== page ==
Image

Florida Man Sues WikiLeaks For Scaring Him 340

Posted by samzenpus
from the don't-watch-the-news dept.
Stoobalou writes "WikiLeaks founder Julian Assange has been accused of 'treason' by a Florida man seeking damages for distress caused by the site's revelations about the US government. From the article: 'David Pitchford, a Florida trailer park resident, names Assange and WikiLeaks as defendants in a personal injury suit filed with the Florida Southern District Court in Miami. In the complaint filed on 6th January, Pitchford alleges that Assange's negligence has caused "hypertension," "depression" and "living in fear of being stricken by another heart attack and/or stroke" as a result of living "in fear of being on the brink of another nuclear [sic] WAR."' Just for good measure, it also alleges that Assange and WikiLeaks are guilty of 'terorism [sic], espionage and treason.'"
Input Devices

Kinect Creators To Make PC Controller 96

Posted by Soulskill
from the platform-agnostic-arm-flailing dept.
Hugh Pickens writes "PrimeSense, the privately held Israeli company that licensed core Kinect technology to Microsoft, is teaming up with PC and peripheral maker Asus to create a similar device for the PC that can be used for browsing multimedia content and accessing the Internet and social networks — basically, the main things consumers use their PCs for. Last month, a Korean game developer claimed that Microsoft was working on a version of Kinect for the PC, but Microsoft hasn't confirmed any such plans."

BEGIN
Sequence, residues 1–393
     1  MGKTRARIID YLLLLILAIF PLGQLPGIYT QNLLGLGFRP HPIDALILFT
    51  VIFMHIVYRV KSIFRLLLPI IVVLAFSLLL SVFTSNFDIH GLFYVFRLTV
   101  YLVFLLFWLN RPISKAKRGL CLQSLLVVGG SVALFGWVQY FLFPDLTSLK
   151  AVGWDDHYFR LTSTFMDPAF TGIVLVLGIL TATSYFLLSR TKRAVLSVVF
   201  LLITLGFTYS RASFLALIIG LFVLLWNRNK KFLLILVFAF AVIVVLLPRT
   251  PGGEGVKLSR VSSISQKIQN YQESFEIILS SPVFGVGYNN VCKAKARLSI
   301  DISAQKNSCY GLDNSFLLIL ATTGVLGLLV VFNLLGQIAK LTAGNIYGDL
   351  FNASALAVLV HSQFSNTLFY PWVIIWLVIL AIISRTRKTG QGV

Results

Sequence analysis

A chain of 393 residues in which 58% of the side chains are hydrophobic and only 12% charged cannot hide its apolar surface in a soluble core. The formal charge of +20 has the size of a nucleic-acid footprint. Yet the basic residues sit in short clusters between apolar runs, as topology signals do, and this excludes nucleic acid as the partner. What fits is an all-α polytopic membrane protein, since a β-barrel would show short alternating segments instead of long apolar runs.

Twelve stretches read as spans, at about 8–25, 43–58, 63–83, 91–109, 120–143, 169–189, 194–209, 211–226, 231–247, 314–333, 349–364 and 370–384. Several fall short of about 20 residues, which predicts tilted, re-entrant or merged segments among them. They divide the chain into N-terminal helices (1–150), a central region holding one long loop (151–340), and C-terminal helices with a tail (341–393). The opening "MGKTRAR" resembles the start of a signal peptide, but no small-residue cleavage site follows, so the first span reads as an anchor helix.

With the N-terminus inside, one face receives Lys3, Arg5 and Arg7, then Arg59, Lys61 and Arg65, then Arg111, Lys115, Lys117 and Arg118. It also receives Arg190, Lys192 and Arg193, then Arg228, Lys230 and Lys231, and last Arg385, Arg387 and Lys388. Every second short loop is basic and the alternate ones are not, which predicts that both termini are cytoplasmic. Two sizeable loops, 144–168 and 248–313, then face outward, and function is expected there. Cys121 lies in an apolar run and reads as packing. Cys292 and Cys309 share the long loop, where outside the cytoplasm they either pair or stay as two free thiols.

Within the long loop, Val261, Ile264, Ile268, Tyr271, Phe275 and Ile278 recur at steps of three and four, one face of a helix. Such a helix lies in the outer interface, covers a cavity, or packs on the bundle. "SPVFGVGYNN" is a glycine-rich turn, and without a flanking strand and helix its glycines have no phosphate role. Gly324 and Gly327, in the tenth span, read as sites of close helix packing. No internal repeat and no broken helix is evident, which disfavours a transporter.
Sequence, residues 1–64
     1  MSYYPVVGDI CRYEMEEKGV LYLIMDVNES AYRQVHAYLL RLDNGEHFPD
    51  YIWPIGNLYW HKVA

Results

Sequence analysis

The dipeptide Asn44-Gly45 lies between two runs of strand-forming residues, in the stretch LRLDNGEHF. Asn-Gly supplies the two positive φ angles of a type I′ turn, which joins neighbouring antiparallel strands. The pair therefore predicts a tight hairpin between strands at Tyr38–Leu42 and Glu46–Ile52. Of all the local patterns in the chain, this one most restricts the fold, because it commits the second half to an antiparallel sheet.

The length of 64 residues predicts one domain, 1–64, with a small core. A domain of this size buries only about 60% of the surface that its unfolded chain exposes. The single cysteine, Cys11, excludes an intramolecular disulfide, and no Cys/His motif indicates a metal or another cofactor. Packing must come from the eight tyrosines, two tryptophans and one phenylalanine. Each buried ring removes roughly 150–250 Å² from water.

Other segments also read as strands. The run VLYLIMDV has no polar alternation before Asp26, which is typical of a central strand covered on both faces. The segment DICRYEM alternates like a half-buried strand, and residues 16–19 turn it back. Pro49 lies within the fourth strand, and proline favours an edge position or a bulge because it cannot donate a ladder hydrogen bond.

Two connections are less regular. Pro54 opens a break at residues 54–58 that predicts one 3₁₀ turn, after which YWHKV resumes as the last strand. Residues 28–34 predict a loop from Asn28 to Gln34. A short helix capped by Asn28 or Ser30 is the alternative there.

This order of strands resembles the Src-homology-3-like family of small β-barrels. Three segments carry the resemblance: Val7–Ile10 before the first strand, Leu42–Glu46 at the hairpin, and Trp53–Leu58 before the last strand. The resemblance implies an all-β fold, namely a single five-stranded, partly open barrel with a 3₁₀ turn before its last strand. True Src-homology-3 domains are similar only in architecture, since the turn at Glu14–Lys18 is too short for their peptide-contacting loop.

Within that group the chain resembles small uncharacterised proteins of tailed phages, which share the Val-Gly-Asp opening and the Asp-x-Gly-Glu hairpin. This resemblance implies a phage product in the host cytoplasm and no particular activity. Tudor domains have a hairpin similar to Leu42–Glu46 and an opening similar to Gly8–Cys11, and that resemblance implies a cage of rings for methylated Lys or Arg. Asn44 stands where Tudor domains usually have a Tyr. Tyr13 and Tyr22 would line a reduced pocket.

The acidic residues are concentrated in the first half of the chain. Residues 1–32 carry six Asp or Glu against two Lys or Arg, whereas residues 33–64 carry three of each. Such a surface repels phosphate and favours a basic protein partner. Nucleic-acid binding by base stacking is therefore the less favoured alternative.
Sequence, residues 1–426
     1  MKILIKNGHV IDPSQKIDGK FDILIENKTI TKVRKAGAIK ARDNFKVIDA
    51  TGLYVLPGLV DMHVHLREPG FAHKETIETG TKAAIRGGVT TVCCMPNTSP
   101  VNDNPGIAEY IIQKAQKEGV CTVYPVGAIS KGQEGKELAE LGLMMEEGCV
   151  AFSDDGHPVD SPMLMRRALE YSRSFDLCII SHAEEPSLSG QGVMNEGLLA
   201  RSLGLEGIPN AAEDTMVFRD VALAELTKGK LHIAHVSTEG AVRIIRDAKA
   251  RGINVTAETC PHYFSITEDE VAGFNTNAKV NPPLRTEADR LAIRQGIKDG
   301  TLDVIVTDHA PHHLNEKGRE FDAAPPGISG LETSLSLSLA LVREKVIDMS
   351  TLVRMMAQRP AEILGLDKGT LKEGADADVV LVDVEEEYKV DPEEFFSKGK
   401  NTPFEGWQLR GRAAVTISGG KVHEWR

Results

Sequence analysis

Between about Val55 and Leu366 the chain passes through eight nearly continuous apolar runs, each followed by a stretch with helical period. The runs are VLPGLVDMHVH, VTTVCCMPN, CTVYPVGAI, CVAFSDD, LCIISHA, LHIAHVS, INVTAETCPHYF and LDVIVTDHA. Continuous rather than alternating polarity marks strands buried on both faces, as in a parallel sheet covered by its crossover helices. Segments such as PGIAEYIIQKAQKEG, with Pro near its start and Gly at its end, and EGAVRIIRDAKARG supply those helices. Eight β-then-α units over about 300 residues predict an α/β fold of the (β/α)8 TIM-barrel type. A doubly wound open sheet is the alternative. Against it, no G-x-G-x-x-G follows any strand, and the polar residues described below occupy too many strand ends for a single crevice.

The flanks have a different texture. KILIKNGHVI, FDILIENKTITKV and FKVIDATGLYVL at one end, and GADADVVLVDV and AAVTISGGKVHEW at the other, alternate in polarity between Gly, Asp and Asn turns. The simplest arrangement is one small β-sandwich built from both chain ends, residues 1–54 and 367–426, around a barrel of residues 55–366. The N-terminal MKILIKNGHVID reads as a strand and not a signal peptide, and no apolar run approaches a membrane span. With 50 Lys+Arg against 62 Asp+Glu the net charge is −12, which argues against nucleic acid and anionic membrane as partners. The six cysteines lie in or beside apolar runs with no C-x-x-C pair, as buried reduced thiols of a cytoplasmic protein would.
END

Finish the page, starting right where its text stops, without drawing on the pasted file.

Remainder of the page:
Debian

+ - Linux Mint Debian 201012: available

Submitted by VincenzoRomano
VincenzoRomano writes: The latest Linux Mint Debian is available for download since a few days now for both 32 and 64 bit Intel-like architectures.
From the announcement feature list:

All Mint 10 features
64-bit support
Performance boost (using cgroup, the notorious “4 lines of code better than 200 in user-space)
Installer improvements (multiple HDDs, grub install on partitions, swap allocation, btrfs support)
Better fonts (Using Ubuntu’s libcairo, fontconfig and Ubuntu Font Family) and language support (ttf-wqy-microhei, ttf-sazanami-mincho, ttf-sazanami-gothic installed by default)
Better connectivity and hardware support (pppoe, pppoeconf, gnome-ppp, pppconfig, libgl1-mesa-dri, libgl1-mesa-glx, libgl1-mesa-dev, mesa-utils installed by default)
Better sound support (addressing conflicts between Pulse Audio and Flash)
Updated software and packages

Back to September 7th we saw the very first release, rather beta indeed, of this project, the first step to switch the distribution base from Ubuntu to Debian and to a rolling release policy.